Farming’s share in the nationaleconomy is in long-term decline,and this trend is likely to continue.This has brought social andeconomic distress to many people,especially in some of the remoterrural areas. In 1975 3% of the UK’sgross domestic product wascontributed by agriculture; by 2000this had fallen to just 1%. Thisdecline has been due to relativelyslow growth in demand forfoodstuffs, and the lower relativeprices for agricultural commodities,which have increased far less quicklythan inflation, largely because of theimpact of technological changes. Inaddition, the economics of the foodsupply chain appear to favour thelarge retailers, rather than the foodproducers. Making matters worse,farming has been hit by a series of health scares that have caused publicalarm and reduced demand. In theearly 1990s fears over salmonella ineggs were quickly dwarfed by theimpact of the BSE crisis. British beef exports were banned world-wide andthe national beef herd was reducedas farmers sought other sources of income. In 2000, swine vesiculardisease hit the British pig herd, andin February 2001 one of the mostdreaded livestock diseases of all, footand mouth, reappeared – the firstmajor outbreak since the 1960s.Across Britain, smoke rose fromgiant funeral pyres as thousands of slaughtered animals were crematedin a desperate effort to halt thespread of the disease. All livestockexports from the UK were banned.Farmers’ leaders warned that manysmaller farmers would be driven outof business by the effects of theepidemic. Farmers already have oneof the highest suicide rates of anyprofession in the UK, a clearindication of high levels of stress. Isthis succession of diseases the resultof ill fortune, or does it reflect adeeper malaise within the UK’sagricultural sector?Despite the range of problems facingBritish farming during the 1990s,the continuing decline inagricultural employment (Figure 4),the provision of subsidies throughthe EU’s Common AgriculturalPolicy, and a wide range of restructuring activity helped tosustain levels of income per head inthe farming community. However,the severity of the crisis of the late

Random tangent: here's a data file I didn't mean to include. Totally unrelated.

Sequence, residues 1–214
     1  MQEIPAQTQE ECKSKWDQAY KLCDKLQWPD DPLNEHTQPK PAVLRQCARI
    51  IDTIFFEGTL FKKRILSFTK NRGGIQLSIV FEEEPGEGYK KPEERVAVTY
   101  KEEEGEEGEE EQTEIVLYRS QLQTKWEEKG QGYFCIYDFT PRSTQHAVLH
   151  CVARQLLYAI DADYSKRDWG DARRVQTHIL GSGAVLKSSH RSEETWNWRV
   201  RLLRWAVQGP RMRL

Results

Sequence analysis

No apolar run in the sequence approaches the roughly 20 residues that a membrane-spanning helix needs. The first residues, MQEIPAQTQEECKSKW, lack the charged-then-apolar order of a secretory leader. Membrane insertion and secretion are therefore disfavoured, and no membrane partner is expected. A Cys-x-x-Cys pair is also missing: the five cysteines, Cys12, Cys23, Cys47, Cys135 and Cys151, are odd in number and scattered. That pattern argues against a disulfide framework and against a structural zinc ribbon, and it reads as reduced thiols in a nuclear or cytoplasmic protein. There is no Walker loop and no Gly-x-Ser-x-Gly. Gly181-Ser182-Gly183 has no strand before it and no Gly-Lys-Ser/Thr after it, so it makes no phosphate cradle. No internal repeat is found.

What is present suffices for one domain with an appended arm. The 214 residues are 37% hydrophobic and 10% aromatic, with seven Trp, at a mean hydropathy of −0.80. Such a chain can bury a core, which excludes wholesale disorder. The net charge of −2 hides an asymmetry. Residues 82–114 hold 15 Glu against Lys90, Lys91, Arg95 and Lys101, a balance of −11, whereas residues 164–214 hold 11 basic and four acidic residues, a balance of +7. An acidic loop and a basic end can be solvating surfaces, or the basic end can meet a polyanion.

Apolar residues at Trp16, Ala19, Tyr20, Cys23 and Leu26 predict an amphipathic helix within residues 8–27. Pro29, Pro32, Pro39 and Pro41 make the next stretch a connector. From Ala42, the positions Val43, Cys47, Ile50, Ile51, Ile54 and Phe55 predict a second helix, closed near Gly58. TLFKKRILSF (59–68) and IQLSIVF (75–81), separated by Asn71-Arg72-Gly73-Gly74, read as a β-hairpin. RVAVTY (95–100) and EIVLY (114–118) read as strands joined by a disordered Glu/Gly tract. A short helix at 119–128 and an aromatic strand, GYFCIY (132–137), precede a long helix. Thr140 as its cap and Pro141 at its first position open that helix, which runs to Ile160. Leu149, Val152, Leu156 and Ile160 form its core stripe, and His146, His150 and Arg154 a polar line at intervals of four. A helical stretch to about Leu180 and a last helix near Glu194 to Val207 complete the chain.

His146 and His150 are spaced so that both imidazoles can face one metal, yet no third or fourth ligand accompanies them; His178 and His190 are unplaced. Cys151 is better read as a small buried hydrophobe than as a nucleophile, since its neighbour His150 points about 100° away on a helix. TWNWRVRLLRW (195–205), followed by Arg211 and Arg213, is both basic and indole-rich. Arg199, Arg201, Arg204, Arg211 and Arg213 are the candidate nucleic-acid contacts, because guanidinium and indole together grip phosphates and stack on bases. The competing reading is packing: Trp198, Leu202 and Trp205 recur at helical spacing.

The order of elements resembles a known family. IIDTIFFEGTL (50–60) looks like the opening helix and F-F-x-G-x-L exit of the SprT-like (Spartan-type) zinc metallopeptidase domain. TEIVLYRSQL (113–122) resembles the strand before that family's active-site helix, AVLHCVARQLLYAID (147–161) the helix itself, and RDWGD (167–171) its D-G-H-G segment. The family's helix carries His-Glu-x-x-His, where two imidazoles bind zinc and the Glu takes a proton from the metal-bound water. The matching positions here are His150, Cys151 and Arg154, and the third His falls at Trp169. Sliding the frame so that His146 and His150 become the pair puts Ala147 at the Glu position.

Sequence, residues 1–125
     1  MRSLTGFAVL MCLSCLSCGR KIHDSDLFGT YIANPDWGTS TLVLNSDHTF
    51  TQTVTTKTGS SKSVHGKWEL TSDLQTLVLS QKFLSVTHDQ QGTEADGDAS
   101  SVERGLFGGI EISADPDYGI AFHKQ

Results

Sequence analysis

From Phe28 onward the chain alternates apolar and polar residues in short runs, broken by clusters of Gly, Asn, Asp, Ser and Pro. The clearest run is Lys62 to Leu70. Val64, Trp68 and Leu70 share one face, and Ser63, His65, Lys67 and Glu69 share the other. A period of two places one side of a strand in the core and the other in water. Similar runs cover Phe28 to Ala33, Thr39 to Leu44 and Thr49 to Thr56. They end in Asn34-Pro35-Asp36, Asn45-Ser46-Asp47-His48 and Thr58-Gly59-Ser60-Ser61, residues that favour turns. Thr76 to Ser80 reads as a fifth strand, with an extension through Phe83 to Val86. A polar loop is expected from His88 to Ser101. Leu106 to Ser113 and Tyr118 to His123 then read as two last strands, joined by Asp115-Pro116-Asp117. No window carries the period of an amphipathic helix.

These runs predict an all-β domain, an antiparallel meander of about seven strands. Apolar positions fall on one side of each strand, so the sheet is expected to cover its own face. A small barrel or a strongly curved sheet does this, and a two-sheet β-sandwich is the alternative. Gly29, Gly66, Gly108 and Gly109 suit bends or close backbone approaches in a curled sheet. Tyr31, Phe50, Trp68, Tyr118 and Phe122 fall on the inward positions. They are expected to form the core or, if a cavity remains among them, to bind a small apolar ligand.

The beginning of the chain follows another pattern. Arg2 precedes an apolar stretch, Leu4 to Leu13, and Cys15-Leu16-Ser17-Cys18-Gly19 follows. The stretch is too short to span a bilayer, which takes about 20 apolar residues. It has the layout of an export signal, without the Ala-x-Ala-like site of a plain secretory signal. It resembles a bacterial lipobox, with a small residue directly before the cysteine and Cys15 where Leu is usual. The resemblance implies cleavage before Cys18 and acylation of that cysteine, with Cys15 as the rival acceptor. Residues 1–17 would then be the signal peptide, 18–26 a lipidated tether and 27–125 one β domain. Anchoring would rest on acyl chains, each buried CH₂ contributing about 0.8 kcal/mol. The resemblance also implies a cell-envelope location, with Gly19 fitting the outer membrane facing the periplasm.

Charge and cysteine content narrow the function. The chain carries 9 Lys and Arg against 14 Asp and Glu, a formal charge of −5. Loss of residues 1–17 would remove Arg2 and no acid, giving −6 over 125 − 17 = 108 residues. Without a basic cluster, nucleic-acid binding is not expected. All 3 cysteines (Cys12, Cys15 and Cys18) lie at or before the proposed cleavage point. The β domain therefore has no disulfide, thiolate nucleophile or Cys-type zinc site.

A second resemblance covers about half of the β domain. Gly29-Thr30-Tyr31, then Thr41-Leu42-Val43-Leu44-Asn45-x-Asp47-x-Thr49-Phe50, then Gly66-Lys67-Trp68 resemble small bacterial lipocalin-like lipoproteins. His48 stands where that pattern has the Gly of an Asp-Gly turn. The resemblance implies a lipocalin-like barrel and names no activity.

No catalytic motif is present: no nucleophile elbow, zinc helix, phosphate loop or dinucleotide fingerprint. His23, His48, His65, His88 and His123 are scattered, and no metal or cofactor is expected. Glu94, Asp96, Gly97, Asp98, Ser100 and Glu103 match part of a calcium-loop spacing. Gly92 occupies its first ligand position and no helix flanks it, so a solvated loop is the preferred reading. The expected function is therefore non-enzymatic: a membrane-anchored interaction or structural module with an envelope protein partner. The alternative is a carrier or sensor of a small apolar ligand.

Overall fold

September 2001no.408UK rural issues
Geofile Online © Nelson Thornes 2001
Figure 3: Article from
6 January 2001
The trend of rich people buying up allthe available housing in the countrysideand forcing poorer young families tomove to cities is increasingdramatically, according to research.Mark Shucksmith, of AberdeenUniversity, told the Institute of BritishGeographers’ conference: “Rural areasare now ruled by market forces, so therich will live in the countryside and thepoor in the urban areas. The social gluethat holds rural communities together isfalling apart.”The situation has been made worse bythe rich incomers taking over localcommunities by forming the majority onparish councils, being able to lobbyagainst any new housingdevelopments, especially preventing“village homes for village people”, andby doing so “inadvertently threateningthe social, cultural and economicsustainability of what they are keen topreserve.”The effect on young people wasparticularly severe, with those wantingto stay in the countryside having to livewith their parents. It was estimated that80,000 affordable homes were neededin rural England between 1990 and1995, but only 17,700 were providedbetween 1990 and 1997. Thegovernment’s recent Rural White Paperhad set a target of 9,000 affordablehomes a year being built in rural areas,but this was not enough to prevent acontinuation of the trend.